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SPP Hosts New Webinar Series on "Communitarian Conservatism"

July 13, 2020  | 2 min read

The Quest for Community

The School of Public Policy’s American Project: On the Future of Conservatism initiative will be hosting a new series of webinars titled, “The Quest for Community,” which will feature scholars, activists, and policymakers exploring the implications of “Communitarian Conservatism” in policy and politics. The series begins on Thursday, July 16th at 9 AM PDT/Noon EDT with New York Times’ columnist, Ross Douthat, and author/opinion writer, Gracy Olmstead answering the question, “Is Communitarian Conservatism relevant in an age of ‘social distancing’ and political polarization?”

A unique effort in academia, the “American Project” was launched in early 2017, following the historic presidential election of 2016 to discuss the history and future trends of the American conservative movement. Supported by an Advisory Council of leading conservative academics and policymakers, the initiative has hosted a number of public events in Malibu and in Washington, DC, including the “Social Capital Summit” in 2019 on Capitol Hill in partnership with US Senator Mike Lee and his Joint Economic Committee. Over the three-plus years since it began, the American Project has also sponsored a series of opinion pieces published at a dedicated online “channel” on the website, RealClearPolicy.com.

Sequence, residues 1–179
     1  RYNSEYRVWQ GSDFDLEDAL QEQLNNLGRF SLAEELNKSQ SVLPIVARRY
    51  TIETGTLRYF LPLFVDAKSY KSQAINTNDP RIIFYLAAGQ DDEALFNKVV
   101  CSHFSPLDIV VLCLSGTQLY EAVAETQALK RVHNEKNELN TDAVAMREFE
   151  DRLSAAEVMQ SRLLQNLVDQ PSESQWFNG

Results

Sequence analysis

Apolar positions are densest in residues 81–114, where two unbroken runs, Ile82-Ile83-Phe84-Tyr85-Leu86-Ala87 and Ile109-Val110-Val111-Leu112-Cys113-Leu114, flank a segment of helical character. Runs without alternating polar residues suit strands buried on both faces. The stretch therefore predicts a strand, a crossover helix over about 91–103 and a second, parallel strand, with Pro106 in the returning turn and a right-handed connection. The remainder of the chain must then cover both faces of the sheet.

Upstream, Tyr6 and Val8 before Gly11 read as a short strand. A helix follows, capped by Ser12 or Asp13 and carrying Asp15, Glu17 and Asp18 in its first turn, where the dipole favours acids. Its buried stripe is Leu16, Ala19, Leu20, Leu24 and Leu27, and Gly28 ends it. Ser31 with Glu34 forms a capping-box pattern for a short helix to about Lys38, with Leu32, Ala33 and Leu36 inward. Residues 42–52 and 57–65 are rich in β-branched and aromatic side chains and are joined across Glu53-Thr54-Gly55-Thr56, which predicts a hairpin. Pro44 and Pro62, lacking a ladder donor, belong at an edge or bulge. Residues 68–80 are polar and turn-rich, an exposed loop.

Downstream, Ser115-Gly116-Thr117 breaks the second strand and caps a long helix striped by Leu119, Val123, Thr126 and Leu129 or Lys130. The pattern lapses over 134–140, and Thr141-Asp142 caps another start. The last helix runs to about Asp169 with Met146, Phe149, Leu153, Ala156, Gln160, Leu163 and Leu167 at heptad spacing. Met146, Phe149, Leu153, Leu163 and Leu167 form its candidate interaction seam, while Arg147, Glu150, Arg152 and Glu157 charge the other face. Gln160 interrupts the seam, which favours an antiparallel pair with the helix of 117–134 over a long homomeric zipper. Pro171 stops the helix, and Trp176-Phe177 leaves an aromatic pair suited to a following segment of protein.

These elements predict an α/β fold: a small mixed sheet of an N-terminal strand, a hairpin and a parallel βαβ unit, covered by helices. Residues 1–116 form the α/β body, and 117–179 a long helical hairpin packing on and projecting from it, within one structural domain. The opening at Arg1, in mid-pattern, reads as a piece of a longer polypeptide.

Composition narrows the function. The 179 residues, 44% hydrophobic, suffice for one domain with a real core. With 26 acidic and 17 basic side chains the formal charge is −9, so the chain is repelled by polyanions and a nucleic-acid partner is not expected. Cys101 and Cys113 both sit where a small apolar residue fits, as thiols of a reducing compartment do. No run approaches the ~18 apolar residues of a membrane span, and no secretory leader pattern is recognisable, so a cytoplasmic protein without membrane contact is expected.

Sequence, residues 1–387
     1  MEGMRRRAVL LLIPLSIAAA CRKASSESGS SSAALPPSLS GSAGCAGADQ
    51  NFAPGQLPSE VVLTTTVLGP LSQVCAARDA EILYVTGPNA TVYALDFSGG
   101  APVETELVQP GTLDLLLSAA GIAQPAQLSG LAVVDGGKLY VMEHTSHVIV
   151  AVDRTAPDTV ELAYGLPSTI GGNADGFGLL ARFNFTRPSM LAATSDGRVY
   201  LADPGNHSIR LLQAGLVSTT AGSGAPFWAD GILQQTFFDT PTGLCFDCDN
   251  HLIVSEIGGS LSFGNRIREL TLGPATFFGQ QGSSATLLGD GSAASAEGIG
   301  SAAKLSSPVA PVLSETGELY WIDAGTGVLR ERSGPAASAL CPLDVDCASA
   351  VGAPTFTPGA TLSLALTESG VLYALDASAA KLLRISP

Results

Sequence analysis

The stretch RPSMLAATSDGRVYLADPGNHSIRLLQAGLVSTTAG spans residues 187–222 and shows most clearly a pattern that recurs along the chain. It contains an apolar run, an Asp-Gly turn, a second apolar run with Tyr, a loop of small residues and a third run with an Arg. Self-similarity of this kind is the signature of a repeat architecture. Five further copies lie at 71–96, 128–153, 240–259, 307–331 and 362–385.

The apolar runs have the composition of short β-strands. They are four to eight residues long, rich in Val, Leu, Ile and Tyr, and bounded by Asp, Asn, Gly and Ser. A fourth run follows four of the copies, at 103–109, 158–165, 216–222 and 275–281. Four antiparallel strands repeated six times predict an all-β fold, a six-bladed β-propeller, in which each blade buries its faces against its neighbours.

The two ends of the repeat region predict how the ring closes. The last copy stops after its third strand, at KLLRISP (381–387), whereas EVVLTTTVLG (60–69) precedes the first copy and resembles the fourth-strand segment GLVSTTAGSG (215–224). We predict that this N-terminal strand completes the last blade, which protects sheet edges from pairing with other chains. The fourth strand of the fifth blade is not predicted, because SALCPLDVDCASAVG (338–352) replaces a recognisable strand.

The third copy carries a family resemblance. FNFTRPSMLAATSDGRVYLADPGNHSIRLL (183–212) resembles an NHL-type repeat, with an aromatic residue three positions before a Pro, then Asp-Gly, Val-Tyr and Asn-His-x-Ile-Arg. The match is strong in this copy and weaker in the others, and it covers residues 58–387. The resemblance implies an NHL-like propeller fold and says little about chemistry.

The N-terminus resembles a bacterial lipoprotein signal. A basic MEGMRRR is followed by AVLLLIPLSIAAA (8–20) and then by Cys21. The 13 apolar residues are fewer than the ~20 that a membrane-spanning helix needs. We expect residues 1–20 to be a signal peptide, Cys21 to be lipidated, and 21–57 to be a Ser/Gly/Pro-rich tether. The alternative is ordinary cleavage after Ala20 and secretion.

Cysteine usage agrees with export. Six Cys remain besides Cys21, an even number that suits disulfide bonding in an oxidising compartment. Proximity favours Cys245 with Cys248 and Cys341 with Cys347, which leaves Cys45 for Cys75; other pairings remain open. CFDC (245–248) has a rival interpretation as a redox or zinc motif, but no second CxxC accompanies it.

Originally convened as an effort to discuss the future of conservatism, after an initial gathering on our Malibu campus in June 2017, the group soon agreed upon a principles document titled, “A Way Forward,” which argues for a reimagined “Communitarian Conservative” movement in policy and politics as a response to a perceived society-wide “loneliness.” Also dubbed a “conservatism of connection,” the American Project has promoted a strengthening of America’s major civic institutions—from family to government—as a way of providing “points of connection” for what Tim Carney calls an “Alienated America.”

Originally planned as an on-campus conference for late July, the “Quest for Community” webinar series will discuss a number of issues related to the future of American conservatism, from the foundational question, “How did we get here?” to what does a Communitarian Conservatism mean on issues like race.

Between 4-5 webinars are being scheduled for this series, which begins in July and will continue into the fall, with the postponed on-campus conference planned to occur next spring.

Register today!